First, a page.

Annual family gifts reduce estate taxes for individuals who have funds that they want to turn into tax-exempt gifts.
Shrinking your estate taxes is about making sure your hard-earned and meticulously-saved money will be used for purposes important to you — like paying for your grandchildren’s college educations — not going into government pockets.
By starting to give your wealth away now, you minimize and avoid estate taxes that otherwise could eat up your wealth.
If that sounds confusing, don’t worry. Here’s everything you need to know about how annual family gifts reduce estate taxes — plus some important financial changes this year.
How Annual Family Gifts Work
One way to reduce estate taxes is to cut the value of your estate by giving annual gifts. An annual family gift, often called an exclusion gift, is simple: It’s a gift that qualifies for annual exclusion from federal gift taxes. This means you won’t have to pay taxes on that specific amount.
They usually include gifts of:
- Real estate
- Family loan debt forgiveness (that doesn’t exceed annual gift tax exclusion)
For example, if you are a parent or grandparent, you would be given an annual exclusion amount to gift, which you can give to an unlimited number of people like grandchildren, children, nieces, nephews, etc., during that year. Gifts aren’t restricted to family — non-family members can receive gifts, too.
How Much Can You Gift to Reduce Tax?
The amount is set each year by the IRS through a revenue procedure and is usually published in early November for the following year.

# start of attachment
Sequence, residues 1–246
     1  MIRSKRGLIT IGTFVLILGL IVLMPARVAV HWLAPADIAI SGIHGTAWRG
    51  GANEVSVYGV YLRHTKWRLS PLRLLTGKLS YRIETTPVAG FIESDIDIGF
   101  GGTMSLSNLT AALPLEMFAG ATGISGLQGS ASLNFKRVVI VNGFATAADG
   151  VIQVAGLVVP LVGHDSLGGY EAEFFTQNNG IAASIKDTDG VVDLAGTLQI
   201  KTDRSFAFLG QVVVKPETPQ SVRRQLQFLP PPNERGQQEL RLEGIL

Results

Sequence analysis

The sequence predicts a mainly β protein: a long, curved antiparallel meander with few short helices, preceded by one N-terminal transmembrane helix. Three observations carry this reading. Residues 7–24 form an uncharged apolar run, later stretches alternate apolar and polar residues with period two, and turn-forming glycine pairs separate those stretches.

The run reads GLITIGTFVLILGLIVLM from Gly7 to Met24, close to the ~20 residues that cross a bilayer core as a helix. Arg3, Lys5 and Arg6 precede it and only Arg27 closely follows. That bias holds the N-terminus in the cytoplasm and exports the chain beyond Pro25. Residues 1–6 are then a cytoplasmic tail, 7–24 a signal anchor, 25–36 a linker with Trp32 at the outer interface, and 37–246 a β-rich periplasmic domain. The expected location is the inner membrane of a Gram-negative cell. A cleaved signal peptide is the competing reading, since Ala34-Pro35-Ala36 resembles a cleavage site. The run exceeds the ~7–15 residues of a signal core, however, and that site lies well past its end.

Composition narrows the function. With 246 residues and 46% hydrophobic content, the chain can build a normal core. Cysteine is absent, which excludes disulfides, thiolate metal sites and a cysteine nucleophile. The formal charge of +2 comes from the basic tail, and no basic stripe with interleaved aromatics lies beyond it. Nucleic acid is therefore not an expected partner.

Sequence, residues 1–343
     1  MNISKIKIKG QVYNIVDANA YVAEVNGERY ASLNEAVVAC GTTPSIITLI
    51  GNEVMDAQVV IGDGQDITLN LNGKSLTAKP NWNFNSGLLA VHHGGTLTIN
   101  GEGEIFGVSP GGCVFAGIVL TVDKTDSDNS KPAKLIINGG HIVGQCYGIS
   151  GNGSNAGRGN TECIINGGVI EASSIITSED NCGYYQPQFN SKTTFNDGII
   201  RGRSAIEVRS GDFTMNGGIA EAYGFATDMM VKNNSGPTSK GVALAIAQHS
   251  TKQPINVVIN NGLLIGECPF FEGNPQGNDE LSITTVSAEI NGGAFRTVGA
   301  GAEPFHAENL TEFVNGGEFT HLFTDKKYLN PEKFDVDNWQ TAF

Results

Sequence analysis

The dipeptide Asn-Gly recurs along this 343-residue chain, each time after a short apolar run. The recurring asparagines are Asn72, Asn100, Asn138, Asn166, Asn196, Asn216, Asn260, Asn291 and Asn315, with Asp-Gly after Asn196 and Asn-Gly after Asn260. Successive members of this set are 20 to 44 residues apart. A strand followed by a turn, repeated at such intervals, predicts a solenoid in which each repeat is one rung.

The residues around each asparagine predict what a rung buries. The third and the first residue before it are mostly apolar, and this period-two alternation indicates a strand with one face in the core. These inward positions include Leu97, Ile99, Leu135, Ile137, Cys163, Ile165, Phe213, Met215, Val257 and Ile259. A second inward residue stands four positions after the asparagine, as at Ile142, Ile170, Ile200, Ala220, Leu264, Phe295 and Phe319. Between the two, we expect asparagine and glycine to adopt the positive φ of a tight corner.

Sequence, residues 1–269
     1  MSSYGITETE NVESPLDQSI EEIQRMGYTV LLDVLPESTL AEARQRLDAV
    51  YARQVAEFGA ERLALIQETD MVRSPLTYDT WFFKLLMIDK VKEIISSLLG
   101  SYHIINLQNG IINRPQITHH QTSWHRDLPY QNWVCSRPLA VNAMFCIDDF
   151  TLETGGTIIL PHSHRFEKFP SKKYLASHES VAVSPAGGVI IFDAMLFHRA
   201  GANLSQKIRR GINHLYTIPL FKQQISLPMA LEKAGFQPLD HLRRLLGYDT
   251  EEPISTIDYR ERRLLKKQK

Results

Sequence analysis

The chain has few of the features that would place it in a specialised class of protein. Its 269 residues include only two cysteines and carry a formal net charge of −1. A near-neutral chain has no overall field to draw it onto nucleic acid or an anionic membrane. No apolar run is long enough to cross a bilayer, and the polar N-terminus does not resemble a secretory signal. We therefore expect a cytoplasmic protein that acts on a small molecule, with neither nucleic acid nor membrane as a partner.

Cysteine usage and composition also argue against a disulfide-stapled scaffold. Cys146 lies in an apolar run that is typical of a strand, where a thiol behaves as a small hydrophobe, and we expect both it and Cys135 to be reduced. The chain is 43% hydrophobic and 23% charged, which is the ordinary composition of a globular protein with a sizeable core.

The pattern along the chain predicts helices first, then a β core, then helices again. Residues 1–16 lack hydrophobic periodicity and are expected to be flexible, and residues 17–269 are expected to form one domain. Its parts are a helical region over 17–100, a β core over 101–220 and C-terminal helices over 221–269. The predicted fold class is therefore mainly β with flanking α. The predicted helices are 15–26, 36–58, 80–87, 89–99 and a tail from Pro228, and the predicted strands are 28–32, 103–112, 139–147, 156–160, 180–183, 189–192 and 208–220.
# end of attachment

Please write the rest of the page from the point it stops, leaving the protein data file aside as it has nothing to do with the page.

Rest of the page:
The annual gift exclusion amount is $15,000 for this year. And married couples can combine their giving power to collectively gift $30,000 to one recipient.
Currently, and through the remainder of 2018, the 2017 Tax Cuts and Job Acts increased the lifetime estate and gift tax exemption to $11.180 million per person. That means that you don’t pay any federal taxes on your estate until you’ve exceeded this limit.
Also, you should know that annual gifts made during your lifetime don’t count towards this limit, unless you give more than the annual limit. For example, if you gift someone $20,000, the excess $5,000 will reduce your lifetime estate and gift tax exemption by that much – and you’ll owe taxes on it as well.
There are various other ways to make sure you reduce estate taxes. One of our best suggestions?
Create a trust with the help of an estate lawyer, and work on avoiding estate and gift taxes altogether.
Want to give gifts to reduce your estate taxes this year? There’s still time to figure it out with an SLN Law consultation!